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How can we ensure that everyone has the opportunity to live in any neighborhood in any suburb? Great places are inclusive and diverse, but housing and transportation barriers often separate classes and ethnic groups.

The suburbs have a growing share of poor and working class families. If those families live in motor-vehicle-dependent places, the households will be burdened with high transportation costs. As we begin transforming our suburban landscapes, we must ensure that we plan for and accommodate the widest possible range of people and income levels.

Attracting Millennials

Towns, sometimes miles apart, adopt starkly different strategies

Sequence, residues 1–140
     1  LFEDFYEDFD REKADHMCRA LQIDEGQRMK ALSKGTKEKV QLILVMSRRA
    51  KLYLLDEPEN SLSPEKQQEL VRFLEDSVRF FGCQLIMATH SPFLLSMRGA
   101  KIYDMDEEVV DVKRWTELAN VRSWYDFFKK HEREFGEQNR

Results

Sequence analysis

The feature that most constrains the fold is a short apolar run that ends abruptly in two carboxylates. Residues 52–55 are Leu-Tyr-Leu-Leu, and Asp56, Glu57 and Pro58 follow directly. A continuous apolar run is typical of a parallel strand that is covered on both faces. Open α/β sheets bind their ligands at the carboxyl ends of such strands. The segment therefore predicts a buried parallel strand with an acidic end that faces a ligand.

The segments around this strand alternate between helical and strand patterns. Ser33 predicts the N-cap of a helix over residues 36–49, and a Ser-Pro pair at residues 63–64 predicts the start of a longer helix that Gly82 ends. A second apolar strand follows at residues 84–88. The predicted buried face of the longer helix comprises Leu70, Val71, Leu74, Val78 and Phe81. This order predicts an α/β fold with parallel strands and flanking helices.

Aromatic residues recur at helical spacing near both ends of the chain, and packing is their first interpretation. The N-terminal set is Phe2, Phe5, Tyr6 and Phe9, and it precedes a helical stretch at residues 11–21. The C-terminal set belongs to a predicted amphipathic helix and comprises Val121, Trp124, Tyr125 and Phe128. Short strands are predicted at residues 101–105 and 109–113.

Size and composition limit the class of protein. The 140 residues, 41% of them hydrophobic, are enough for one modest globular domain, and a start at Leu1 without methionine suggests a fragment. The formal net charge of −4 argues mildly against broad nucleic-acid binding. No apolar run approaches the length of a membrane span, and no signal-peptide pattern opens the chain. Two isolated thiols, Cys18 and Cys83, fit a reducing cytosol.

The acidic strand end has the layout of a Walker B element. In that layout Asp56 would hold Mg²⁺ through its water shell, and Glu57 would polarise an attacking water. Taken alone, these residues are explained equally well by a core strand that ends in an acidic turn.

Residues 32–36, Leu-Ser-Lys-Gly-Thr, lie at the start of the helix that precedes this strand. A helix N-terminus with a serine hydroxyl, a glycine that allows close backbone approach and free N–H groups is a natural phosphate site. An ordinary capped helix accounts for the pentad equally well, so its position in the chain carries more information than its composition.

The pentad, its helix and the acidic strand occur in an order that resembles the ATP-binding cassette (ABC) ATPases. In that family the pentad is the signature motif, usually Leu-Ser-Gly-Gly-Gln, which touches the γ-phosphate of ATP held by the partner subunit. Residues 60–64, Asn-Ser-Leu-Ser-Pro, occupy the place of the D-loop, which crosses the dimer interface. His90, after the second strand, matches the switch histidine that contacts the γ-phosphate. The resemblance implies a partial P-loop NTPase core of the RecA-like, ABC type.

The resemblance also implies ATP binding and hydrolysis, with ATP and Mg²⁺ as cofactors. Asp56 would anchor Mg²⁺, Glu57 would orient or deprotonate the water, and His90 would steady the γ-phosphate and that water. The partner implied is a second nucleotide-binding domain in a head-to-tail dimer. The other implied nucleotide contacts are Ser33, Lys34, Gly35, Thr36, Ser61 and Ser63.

Millennials Actually Like the Suburbs

The suburbs aren’t dying yet.

A Dead Mall Becomes a Downtown for a Sprawling Suburb

A Denver suburb sees a once-vacant mall transformed into a vibrant and walkable downtown.

Tool 2: Finance

Affordable housing is built in the suburbs in automobile-dependent places, forcing low-income and working-class residents to spend too much on transportation.

Poor people pay for parking even when they can’t afford a car

The real costs of free parking

CNU Building a Better Burb

Retrofit Council meets in Miami & Detroit

Resilient Suburbia